Posts filed under ‘Antivirales no HIV’

Adenovirus Type 4 Respiratory Infections among Civilian Adults, Northeastern United States, 2011–2015

Emerg Infect Dis. 2018 V.24 N.2 P.201-209

Adriana E. KajonComments to Author , Daryl M. Lamson, Camden R. Bair, Xiaoyan Lu, Marie L. Landry, Marilyn Menegus2, Dean D. Erdman, and Kirsten St. George

Author affiliations: Lovelace Respiratory Research Institute, Albuquerque, New Mexico, USA (A.E. Kajon, C.R. Bair); New York State Department of Health, Albany, New York, USA (D.M. Lamson, K. St. George); Centers for Disease Control and Prevention, Atlanta, Georgia, USA (X. Lu, D.D. Erdman); Yale University School of Medicine, New Haven, Connecticut, USA (M.L. Landry); University of Rochester Medical Center, Rochester, New York, USA (M. Menegus)


Human adenovirus type 4 (HAdV-4) is most commonly isolated in military settings. We conducted detailed molecular characterization on 36 HAdV-4 isolates recovered from civilian adults with acute respiratory disease (ARD) in the northeastern United States during 2011–2015.

Specimens came from college students, residents of long-term care facilities or nursing homes, a cancer patient, and young adults without co-morbidities.

HAdV-4 genome types 4a1 and 4a2, the variants most frequently detected among US military recruits in basic training before the restoration of vaccination protocols, were isolated in most cases.

Two novel a-like variants were recovered from students enrolled at a college in Tompkins County, New York, USA, and a prototype-like variant distinguishable from the vaccine strain was isolated from an 18-year-old woman visiting a physician’s office in Ulster County, New York, USA, with symptoms of influenza-like illness. Our data suggest that HAdV-4 might be an underestimated causative agent of ARD among civilian adults.






February 9, 2018 at 6:47 pm

Infectious virus in exhaled breath of symptomatic seasonal influenza cases from a college community.

Proc Natl Acad Sci U S A 2018 Jan; 115:1081.

Yan J et al


Lack of human data on influenza virus aerosol shedding fuels debate over the importance of airborne transmission. We provide overwhelming evidence that humans generate infectious aerosols and quantitative data to improve mathematical models of transmission and public health interventions. We show that sneezing is rare and not important for—and that coughing is not required for—influenza virus aerosolization. Our findings, that upper and lower airway infection are independent and that fine-particle exhaled aerosols reflect infection in the lung, opened a pathway for a deeper understanding of the human biology of influenza infection and transmission. Our observation of an association between repeated vaccination and increased viral aerosol generation demonstrated the power of our method, but needs confirmation.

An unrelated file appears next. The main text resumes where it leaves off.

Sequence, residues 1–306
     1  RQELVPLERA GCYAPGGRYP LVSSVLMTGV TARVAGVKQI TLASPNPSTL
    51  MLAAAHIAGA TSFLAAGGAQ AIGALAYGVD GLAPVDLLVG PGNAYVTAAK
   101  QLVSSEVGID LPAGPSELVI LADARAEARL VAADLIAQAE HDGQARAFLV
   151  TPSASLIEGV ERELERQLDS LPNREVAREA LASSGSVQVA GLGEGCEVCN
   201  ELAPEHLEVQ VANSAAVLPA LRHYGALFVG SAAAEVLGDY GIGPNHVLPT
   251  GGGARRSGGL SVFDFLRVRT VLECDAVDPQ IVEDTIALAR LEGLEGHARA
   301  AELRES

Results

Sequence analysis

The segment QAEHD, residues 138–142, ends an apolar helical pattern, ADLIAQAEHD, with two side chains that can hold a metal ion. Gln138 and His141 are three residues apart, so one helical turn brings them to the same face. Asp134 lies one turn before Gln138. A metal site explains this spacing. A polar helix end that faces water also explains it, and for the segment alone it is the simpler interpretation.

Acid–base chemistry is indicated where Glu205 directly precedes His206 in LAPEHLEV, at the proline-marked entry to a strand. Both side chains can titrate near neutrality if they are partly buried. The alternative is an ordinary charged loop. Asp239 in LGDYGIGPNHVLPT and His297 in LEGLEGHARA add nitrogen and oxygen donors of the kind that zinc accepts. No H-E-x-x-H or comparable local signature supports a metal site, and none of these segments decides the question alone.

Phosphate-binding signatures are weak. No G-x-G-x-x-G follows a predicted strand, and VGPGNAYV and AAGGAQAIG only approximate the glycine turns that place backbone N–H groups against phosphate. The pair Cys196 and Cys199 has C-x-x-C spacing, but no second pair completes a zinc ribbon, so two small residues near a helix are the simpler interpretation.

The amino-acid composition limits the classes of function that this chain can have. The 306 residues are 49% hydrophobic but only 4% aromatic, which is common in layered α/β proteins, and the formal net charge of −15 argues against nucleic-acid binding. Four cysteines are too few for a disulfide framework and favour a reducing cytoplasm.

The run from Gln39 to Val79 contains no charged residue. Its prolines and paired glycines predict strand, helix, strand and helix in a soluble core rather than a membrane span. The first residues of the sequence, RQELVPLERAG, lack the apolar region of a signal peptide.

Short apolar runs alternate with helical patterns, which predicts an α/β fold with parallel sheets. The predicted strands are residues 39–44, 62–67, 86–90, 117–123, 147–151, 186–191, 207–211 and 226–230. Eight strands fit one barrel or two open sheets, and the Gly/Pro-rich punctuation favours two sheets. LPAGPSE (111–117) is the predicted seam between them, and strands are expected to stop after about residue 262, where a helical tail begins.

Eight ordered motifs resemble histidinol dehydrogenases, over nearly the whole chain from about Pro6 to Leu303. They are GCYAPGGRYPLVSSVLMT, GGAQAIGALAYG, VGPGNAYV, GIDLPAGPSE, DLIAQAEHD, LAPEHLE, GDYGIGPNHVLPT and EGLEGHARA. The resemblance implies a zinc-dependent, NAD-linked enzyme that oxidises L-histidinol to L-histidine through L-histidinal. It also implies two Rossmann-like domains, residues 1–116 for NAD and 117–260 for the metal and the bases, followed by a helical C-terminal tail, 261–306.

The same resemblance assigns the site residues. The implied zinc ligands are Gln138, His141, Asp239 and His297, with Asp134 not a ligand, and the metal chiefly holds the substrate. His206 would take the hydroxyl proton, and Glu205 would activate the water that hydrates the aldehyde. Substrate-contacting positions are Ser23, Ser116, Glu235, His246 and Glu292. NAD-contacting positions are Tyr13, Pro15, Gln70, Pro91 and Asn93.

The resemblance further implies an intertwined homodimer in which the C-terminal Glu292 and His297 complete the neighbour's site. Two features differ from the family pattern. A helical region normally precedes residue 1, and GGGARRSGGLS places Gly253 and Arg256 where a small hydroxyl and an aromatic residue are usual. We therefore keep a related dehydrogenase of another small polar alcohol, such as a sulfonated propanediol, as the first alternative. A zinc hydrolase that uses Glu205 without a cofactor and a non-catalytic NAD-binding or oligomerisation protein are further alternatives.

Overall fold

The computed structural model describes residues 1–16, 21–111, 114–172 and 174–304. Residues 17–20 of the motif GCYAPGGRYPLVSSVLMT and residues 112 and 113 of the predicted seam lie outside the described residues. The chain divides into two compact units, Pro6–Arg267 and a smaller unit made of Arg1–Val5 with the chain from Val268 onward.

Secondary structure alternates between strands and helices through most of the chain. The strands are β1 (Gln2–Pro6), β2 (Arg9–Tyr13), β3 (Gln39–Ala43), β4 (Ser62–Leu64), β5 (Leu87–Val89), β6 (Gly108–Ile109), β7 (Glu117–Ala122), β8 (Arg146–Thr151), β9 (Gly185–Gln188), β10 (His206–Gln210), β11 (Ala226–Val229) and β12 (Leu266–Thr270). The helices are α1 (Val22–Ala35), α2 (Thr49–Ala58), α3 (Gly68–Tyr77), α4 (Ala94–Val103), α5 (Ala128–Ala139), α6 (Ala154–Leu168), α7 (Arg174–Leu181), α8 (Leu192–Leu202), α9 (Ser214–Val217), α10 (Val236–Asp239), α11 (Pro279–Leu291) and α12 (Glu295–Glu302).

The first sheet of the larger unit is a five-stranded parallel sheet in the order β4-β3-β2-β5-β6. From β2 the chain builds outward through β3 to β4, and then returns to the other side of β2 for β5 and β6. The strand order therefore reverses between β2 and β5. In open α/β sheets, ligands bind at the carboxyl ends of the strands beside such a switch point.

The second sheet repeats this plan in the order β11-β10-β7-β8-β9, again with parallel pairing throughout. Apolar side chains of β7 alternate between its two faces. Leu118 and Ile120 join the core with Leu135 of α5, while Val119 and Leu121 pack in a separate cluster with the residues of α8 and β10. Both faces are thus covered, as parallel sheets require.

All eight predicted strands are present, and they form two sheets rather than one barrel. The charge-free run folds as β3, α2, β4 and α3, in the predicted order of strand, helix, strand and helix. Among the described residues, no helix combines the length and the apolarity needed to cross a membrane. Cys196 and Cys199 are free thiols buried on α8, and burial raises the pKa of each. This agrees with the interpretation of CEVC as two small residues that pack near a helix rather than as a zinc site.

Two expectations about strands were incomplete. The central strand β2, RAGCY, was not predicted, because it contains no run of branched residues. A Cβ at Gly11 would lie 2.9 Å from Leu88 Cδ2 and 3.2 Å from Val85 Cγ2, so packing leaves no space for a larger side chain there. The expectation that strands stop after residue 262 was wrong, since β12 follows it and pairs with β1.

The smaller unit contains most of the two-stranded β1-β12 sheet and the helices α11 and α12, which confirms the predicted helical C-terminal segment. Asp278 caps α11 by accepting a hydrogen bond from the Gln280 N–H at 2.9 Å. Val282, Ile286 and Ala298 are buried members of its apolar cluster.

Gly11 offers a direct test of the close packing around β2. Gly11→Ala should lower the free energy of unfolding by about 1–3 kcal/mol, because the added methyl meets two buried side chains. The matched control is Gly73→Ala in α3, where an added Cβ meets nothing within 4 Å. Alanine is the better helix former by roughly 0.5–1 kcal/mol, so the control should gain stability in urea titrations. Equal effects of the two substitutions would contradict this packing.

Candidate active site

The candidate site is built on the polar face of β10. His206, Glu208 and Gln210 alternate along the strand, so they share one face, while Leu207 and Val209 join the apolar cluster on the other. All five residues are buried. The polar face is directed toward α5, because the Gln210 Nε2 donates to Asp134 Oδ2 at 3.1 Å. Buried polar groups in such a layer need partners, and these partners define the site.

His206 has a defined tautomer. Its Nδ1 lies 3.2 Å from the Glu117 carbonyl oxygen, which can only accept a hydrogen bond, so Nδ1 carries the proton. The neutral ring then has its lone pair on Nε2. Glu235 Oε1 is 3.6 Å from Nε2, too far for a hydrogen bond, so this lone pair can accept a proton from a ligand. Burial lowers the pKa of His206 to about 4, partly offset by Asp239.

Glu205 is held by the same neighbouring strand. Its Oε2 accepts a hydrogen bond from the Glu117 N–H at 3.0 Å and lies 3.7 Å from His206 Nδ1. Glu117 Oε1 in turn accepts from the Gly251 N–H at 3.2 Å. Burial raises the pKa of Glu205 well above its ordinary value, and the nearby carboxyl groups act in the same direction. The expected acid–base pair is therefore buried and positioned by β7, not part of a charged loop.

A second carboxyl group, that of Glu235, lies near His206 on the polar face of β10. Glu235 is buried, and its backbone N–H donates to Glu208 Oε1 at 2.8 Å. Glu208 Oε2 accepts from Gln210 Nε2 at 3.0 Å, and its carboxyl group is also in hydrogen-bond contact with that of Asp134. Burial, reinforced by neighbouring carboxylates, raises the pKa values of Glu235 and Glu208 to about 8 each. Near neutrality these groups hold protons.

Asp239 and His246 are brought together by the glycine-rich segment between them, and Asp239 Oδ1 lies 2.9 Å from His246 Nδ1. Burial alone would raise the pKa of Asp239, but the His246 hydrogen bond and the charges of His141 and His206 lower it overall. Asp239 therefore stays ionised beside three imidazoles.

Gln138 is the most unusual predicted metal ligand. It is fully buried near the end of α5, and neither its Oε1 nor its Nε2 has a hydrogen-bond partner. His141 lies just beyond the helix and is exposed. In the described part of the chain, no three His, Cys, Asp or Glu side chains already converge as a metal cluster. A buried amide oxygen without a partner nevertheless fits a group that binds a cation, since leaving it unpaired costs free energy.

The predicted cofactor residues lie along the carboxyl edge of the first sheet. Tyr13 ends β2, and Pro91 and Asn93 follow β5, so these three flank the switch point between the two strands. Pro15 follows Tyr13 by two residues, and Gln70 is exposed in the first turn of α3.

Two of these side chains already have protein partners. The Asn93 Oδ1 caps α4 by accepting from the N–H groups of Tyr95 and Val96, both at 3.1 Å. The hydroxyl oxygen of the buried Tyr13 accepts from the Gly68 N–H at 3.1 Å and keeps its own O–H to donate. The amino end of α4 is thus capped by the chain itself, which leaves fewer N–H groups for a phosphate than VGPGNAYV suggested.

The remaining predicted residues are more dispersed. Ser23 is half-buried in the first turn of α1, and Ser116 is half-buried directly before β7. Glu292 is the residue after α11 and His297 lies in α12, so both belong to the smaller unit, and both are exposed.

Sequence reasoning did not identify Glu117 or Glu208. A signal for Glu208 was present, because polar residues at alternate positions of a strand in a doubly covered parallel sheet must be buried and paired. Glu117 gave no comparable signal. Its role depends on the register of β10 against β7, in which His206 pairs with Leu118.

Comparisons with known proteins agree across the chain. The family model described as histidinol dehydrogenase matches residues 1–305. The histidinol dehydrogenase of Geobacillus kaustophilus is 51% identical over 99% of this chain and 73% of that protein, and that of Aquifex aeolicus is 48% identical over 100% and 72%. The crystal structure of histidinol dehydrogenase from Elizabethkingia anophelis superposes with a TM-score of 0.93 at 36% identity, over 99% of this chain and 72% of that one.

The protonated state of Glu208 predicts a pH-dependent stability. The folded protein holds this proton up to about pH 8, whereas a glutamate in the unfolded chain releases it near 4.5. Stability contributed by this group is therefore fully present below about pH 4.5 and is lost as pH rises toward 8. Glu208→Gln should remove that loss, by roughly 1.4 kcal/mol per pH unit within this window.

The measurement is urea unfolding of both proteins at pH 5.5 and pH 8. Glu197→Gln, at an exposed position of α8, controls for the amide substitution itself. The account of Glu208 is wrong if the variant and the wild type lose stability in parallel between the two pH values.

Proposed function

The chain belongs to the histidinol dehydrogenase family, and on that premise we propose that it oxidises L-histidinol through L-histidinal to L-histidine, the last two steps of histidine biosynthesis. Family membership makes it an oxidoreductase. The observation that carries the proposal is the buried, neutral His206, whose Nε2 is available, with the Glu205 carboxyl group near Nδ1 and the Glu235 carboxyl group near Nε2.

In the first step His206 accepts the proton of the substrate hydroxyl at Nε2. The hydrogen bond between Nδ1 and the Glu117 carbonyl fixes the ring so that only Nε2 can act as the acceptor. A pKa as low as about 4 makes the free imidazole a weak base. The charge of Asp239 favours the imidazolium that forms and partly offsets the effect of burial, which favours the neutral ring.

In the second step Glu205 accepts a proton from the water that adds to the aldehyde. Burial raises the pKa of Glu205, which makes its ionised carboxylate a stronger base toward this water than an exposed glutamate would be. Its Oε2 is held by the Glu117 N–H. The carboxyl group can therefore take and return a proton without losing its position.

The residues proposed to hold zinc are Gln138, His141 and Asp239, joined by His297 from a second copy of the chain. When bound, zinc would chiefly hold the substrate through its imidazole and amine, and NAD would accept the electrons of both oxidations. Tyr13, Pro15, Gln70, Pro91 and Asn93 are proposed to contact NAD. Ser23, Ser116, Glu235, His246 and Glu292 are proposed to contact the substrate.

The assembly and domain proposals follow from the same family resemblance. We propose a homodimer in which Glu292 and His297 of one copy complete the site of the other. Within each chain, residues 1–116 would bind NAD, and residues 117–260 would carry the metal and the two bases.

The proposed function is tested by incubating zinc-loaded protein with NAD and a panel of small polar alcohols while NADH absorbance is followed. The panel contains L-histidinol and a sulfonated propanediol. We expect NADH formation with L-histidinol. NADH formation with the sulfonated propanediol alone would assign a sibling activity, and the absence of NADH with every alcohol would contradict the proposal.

Little is known about the amount and infectiousness of influenza virus shed into exhaled breath. This contributes to uncertainty about the importance of airborne influenza transmission. We screened 355 symptomatic volunteers with acute respiratory illness and report 142 cases with confirmed influenza infection who provided 218 paired nasopharyngeal (NP) and 30-minute breath samples (coarse >5-µm and fine ≤5-µm fractions) on days 1–3 after symptom onset. We assessed viral RNA copy number for all samples and cultured NP swabs and fine aerosols. We recovered infectious virus from 52 (39%) of the fine aerosols and 150 (89%) of the NP swabs with valid cultures. The geometric mean RNA copy numbers were 3.8 × 104/30-minutes fine-, 1.2 × 104/30-minutes coarse-aerosol sample, and 8.2 × 108 per NP swab. Fine- and coarse-aerosol viral RNA were positively associated with body mass index and number of coughs and negatively associated with increasing days since symptom onset in adjusted models. Fine-aerosol viral RNA was also positively associated with having influenza vaccination for both the current and prior season. NP swab viral RNA was positively associated with upper respiratory symptoms and negatively associated with age but was not significantly associated with fine- or coarse-aerosol viral RNA or their predictors. Sneezing was rare, and sneezing and coughing were not necessary for infectious aerosol generation. Our observations suggest that influenza infection in the upper and lower airways are compartmentalized and independent.



February 8, 2018 at 8:40 pm

IDSA/AASLD Response to Cochrane Review on Direct-Acting Antivirals for Hepatitis C

Clinical Infectious Diseases December 2017 V.65 N.11


William G Powderly; Susanna Naggie; Arthur Y Kim; Hugo E Vargas; Raymond T Chung …

A recent Cochrane Review with the stated objective to assess the benefits and harms of direct-acting antiviral (DAA) therapy for people with chronic hepatitis C virus (HCV) infection raised alarms within the hepatology and infectious diseases communities because the authors concluded that there was insufficient evidence to confirm or reject an effect of DAA therapy on HCV-related morbidity (cirrhosis, hepatic decompensation, or hepatocellular carcinoma) or all-cause mortality [1]. The authors also concluded that the clinical relevance of sustained virological response (SVR) obtained with DAAs is questionable, as it is a nonvalidated surrogate outcome. The Review further stated that because all DAA trials and outcome results were at high risk of bias, their results presumably overestimated benefit and underestimated harm. Indeed, the plain language summary stated that the lack of valid evidence and the possibility of potentially harming people with chronic hepatitis should be considered before treating people with hepatitis C using DAAs. Based on the findings of this Review, the authors concluded that additional randomized clinical trials are needed to assess the long-term clinical effects of DAAs…